So now that we’ve cut through all the hoopla, the question beckons: How is the movie? Bad? Good? Shocking? Shit? Well, the true answer is a little bit of all of the above. Director Joe D’Amato is mainly known for exploitation and sexploitation films with some horror sprinkled in here and there. With Anthropophagus he decided to have all of his actors keep it in their pants, and the result is a taut and gory little film that drips as much atmosphere as it does gore. However, if you go into this film riding the hype, you are apt to be somewhat disappointed. The kills and the gore (except for a couple of really choice scenes) are rather tame. People are stabbed, throats are bitten, we’ve seen it all a gazillion times.

On the DVD side of things we get two discs full of goodies. However, before I get to them, it needs to be mentioned that Media-Blasters has done a great job restoring this film. It’s never looked or sounded better, and then to give it the two-disc treatment? *kisses fingers* Magnifique! Disc One contains the film itself and some trailers, and Disc Two houses the bulk of the supplements. Included are the Joe D’Amato documentary Totally Uncut Two, which focuses on the making of films like this and of course the man himself. Also included are recent interview footage from 2005 of two of the film’s stars, Zora Kerova and the man with the appetite, George Eastman; the alternate U.S. theatrical opening; a photo gallery; and you guessed it, even more trailers! All in all, it’s a great little package!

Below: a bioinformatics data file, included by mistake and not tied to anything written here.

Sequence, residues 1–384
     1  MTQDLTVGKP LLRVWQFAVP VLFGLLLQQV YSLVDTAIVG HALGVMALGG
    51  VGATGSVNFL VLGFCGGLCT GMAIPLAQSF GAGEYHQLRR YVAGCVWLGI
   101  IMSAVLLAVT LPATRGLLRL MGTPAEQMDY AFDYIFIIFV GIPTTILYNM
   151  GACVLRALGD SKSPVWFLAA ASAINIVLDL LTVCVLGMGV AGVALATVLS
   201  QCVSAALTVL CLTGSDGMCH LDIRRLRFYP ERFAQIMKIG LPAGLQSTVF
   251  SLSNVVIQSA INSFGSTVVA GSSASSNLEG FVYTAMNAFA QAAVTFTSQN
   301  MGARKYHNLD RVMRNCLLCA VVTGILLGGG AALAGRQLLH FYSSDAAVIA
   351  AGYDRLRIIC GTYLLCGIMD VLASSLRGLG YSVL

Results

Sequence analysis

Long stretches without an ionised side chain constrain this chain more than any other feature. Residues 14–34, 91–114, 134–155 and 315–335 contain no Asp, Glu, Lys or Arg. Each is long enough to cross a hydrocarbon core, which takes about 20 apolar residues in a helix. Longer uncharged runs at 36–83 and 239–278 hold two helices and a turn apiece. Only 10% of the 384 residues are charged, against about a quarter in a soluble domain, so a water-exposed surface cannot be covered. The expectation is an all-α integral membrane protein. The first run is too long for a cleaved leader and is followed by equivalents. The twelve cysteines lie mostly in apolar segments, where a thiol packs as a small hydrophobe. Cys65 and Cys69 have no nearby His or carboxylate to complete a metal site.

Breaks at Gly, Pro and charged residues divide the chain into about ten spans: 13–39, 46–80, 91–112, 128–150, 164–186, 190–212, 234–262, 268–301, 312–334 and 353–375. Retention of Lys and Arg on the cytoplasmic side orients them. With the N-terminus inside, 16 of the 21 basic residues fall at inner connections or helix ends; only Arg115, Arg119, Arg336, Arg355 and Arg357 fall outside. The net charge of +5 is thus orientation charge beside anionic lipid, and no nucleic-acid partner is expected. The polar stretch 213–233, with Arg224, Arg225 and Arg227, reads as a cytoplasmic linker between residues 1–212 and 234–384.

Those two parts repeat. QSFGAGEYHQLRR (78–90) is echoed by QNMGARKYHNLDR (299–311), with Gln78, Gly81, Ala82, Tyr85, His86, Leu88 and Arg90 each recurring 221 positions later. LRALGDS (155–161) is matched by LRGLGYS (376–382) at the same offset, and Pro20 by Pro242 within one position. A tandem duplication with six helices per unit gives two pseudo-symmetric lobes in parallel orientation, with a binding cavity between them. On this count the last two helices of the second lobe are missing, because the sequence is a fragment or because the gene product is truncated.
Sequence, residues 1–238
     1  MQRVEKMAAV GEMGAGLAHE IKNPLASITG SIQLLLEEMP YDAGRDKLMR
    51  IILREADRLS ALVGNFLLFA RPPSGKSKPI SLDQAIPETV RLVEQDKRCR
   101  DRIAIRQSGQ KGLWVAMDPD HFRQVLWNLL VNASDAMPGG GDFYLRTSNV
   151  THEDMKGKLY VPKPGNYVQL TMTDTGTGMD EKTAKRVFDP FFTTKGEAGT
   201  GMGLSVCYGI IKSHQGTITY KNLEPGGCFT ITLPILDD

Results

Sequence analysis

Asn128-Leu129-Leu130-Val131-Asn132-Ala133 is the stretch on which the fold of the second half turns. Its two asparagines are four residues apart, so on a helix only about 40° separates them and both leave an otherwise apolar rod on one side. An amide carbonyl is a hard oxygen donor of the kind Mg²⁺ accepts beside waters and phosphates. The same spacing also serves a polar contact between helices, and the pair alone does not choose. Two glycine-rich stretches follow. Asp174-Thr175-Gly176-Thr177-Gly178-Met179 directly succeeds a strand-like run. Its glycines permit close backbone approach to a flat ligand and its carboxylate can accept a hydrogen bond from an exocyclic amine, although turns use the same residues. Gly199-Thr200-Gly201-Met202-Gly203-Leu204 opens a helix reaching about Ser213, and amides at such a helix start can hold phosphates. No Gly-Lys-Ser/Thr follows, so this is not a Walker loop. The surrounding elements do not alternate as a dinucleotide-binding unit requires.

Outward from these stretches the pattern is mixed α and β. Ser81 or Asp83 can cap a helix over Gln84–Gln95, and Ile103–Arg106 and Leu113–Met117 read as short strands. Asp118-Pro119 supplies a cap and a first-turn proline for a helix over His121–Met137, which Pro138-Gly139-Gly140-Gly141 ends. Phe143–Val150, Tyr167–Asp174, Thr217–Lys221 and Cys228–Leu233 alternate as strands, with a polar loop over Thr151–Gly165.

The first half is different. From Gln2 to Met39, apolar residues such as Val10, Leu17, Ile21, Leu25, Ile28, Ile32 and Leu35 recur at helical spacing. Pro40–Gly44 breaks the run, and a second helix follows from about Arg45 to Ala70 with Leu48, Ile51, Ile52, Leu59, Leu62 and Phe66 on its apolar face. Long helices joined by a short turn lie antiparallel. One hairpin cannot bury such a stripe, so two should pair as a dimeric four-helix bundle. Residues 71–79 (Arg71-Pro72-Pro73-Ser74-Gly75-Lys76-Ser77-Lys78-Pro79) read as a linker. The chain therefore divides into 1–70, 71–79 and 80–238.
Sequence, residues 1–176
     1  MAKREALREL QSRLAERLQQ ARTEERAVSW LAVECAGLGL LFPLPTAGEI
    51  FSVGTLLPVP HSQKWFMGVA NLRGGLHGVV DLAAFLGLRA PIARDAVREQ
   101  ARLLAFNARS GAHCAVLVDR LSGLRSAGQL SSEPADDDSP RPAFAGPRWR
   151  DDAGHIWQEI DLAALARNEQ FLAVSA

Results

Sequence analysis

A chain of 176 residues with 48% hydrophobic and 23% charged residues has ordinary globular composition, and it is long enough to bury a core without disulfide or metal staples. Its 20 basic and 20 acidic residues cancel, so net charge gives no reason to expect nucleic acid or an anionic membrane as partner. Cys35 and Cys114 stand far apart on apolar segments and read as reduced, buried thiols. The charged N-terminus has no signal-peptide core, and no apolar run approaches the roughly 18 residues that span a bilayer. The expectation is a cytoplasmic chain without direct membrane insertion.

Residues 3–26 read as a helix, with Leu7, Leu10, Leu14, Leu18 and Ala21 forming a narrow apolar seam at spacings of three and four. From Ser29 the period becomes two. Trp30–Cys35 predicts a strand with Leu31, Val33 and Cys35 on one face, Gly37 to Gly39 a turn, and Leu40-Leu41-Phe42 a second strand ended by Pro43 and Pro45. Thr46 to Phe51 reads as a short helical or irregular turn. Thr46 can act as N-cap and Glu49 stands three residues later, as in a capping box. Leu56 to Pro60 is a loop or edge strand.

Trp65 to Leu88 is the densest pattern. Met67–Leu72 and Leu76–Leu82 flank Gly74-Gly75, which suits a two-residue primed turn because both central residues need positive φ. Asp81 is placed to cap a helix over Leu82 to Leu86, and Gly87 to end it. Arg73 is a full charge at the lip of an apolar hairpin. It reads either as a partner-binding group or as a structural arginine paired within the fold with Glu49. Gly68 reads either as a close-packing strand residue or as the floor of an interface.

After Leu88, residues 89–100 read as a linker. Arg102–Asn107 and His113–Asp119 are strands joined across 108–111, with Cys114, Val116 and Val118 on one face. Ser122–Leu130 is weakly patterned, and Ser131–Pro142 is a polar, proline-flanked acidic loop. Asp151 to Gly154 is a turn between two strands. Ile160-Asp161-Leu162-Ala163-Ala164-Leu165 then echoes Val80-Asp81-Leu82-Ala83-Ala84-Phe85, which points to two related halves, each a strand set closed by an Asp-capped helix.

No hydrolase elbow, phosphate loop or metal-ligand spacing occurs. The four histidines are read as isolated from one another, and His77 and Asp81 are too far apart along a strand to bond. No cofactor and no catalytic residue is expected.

So can this film live up to fan expectations? If you are well acquainted with the material, this is the DVD for you! For the curious, ignore the hype and forget about the bannings. At its heart Anthropophagus is little more than your typical giallo. Take the film for what it is, and you’re bound to have some fun with it. Besides, where else can you see a baby ripped from its mother’s womb and chomped on? Oh, was that a spoiler? My bad!

Special Features
Joe D’Amato documentary Totally Uncut Two
Public appearance footage of Zora Kerova and George Eastman from 2005
Alternate U.S. theatrical opening
Photo gallery
Trailer gallery

3 ½ out of 5

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Friends Don’t Let Friends Review – A Haunting Mixture of Psychological Turmoil and Brutal Supernatural Horror

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Starring Brittany Anne Woodford, Jenny Curtis, Kanin Guntzelman, Brendan McGowan, Jake White

Directed by James S. Brown

We all like to think of ourselves as being surrounded by friends, but let’s face it, if we were to ever truly hit hard times, there are probably very few, if any, people we could truly rely on. So on some level, Friends Don’t Let Friends is a film we can all relate too, as it deals with this very issue.

Stephanie is an emotionally unstable young woman who strangles her boyfriend to death after he insults and breaks up with her. She calls her friends to help her dispose the body out in the Joshua Tree National Part area, and instead of reporting her to the police, they reluctantly comply. As their car breaks down, the four friends find themselves alone at night in the Californian wilderness with the rotting corpse in need of disposal. Given their dire circumstances, they begin to become more and more aggressive towards each other, and this was where the film was really at its best. I was on the edge of my seat, wondering how far the limits of their friendship could be stretched, and who would be the first to crack and turn on the others.